Cells were plated in 6-cm plates (Midwest Scientific) and grown to ∼50% confluence prior to overnight serum starvation. Cells were then incubated in regular media for 72 hours followed by collection using 0.05% trypsin (Cellgro). Cells were then fixed and stained with propidium iodide (BD Pharmingen, San Jose, CA) per the manufacturer's protocol. FACS analysis was performed on Accuri C6 flow cytometer (Accuri, Ann Arbor, MI). Unstained cells were used as controls for setting the cell population parameters and overlay of histograms show no deviation or drift of channels.
Luciferase reporter gene analysis
Cells were plated in 12-well culture plates (Midwest Scientific) in triplicate at 1×105 cells/well and incubated overnight. Cells were transfected with 0.4 µg pGL/cyclin A Luc and 25 ng pRL-CMV-renilla in either KTC3 shRNA cells or FRO cells along with 0.4 µg pECE or pECE/wt FoxO3a using Lipofectamine 2000 (Invitrogen). After 24 hours, cells were washed with DPBS (Cellgro), and lysed using Promega's Dual Luciferase assay kit per the manufacturer's protocol. Luciferase activity was measured using a Veritas luminometer (Promega) and the enzyme activity was normalized for efficiency of transfection on the basis of renilla activity levels and reported as relative luminescent units.
Chromatin immunoprecipitation assay
ChIP assays were performed using the EZ-ChIPTM Chromatin Immunoprecipitation (ChIP) KIT from Millipore (Bedford, MA) according to the manufacturer's protocol. 4 µg primary antibody (anti-FLAG, Sigma) or mouse IgG control was used for chromatin immunoprecipitations. Immunoprecipitates were analyzed by PCR using the primer set 5′-TAGAGTCAGCCTTCGGACAG-3′ and 5′-ATCCCGCGACTATTGAAAT-3′ to amplify a 253 bp fragment of the human cyclin A1 promoter corresponding to the FoxO3a binding site.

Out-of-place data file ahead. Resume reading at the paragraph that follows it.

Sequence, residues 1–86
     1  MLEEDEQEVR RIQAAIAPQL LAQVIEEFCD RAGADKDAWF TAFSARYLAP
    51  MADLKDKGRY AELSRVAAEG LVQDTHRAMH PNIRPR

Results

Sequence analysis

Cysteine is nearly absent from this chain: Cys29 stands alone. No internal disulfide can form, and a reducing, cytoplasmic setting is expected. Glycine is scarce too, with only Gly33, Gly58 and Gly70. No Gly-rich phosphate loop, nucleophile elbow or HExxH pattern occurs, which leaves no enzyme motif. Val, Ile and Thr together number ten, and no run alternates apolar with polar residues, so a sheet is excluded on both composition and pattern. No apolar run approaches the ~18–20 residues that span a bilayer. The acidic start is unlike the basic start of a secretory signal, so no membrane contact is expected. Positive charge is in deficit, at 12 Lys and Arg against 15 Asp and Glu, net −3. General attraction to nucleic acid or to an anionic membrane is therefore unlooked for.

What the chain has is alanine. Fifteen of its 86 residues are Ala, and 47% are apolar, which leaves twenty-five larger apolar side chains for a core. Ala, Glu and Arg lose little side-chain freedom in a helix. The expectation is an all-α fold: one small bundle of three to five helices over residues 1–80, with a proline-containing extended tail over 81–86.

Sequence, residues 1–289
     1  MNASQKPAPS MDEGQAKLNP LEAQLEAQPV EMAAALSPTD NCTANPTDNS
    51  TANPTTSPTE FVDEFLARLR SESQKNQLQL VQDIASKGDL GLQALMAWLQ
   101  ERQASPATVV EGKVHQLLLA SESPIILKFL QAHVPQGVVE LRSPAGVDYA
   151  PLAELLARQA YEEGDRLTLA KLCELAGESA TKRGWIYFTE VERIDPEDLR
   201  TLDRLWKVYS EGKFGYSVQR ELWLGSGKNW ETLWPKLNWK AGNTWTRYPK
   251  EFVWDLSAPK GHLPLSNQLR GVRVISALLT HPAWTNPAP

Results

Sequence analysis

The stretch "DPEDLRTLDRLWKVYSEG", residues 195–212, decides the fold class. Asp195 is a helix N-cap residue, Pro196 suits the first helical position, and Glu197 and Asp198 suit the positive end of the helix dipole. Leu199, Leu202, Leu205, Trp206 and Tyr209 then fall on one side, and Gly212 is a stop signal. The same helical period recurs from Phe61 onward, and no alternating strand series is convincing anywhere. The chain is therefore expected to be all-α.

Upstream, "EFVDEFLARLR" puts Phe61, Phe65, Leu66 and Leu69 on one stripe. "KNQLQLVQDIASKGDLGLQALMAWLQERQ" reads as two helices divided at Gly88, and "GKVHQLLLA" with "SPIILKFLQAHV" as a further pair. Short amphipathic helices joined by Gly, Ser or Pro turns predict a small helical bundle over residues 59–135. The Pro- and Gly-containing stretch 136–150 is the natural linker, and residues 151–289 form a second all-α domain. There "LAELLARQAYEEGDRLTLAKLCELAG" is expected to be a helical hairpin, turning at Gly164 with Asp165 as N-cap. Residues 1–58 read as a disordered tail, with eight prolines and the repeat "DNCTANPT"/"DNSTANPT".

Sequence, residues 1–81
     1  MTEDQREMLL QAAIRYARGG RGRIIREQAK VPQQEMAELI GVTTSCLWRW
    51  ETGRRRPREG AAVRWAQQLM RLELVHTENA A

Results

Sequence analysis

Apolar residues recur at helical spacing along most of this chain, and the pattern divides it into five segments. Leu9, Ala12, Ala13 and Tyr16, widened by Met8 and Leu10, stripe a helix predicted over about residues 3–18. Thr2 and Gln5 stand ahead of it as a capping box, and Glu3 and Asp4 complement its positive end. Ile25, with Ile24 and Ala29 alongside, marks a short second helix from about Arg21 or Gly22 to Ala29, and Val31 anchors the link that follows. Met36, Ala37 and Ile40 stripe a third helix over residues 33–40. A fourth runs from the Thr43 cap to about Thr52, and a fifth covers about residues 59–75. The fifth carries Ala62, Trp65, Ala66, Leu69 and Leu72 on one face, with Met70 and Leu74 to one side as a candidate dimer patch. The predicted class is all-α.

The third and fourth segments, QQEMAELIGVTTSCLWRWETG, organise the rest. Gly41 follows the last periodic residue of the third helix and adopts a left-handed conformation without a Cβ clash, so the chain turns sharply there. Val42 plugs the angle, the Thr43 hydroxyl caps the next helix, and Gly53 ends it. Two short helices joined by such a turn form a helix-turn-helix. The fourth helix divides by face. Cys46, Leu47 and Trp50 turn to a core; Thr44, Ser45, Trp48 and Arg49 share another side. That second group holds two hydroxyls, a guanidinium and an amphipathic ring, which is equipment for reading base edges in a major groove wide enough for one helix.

Data are presented as the mean ± s.d. and comparisons were analyzed by two-tailed paired Student's t-tests. Data for comparison of multiple groups are presented as mean ± s.d. and were analyzed by ANOVA. P<0.05 was considered statistically significant.
We thank Alex Toker (Harvard Medical School) for helpful comments related to Akt signaling.
This work was supported by the National Institutes of Health Cancer Center Support Grant [grant number P30CA15083 to R.C.S.]; the Mayo Clinic Research Committee [to R.C.S.], Florida Department of Health Bankhead-Coley Cancer Research Program [grant number FL09BW202 to J.A.C. and R.C.S.; FLA07BN-08 to P.S.]; National Institutes of Health [grant number R01CA136665 to J.A.C. and R.C.S.; R01CA140182 to P.S.]; a generous gift from Alfred D. and Audrey M. Petersen to R.C.S.; a grant for rare cancers from Ellis and Dona Brunton (to J.A.C.); and the Translational Genomics Research Institute institutional research funds [to D.O.A.]. Deposited in PMC for release after 12 months.
Supplementary material available online at http://jcs.biologists.org/lookup/suppl/doi:10.1242/jcs.097428/-/DC1
- Accepted May 11, 2012.
- © 2012. Published by The Company of Biologists Ltd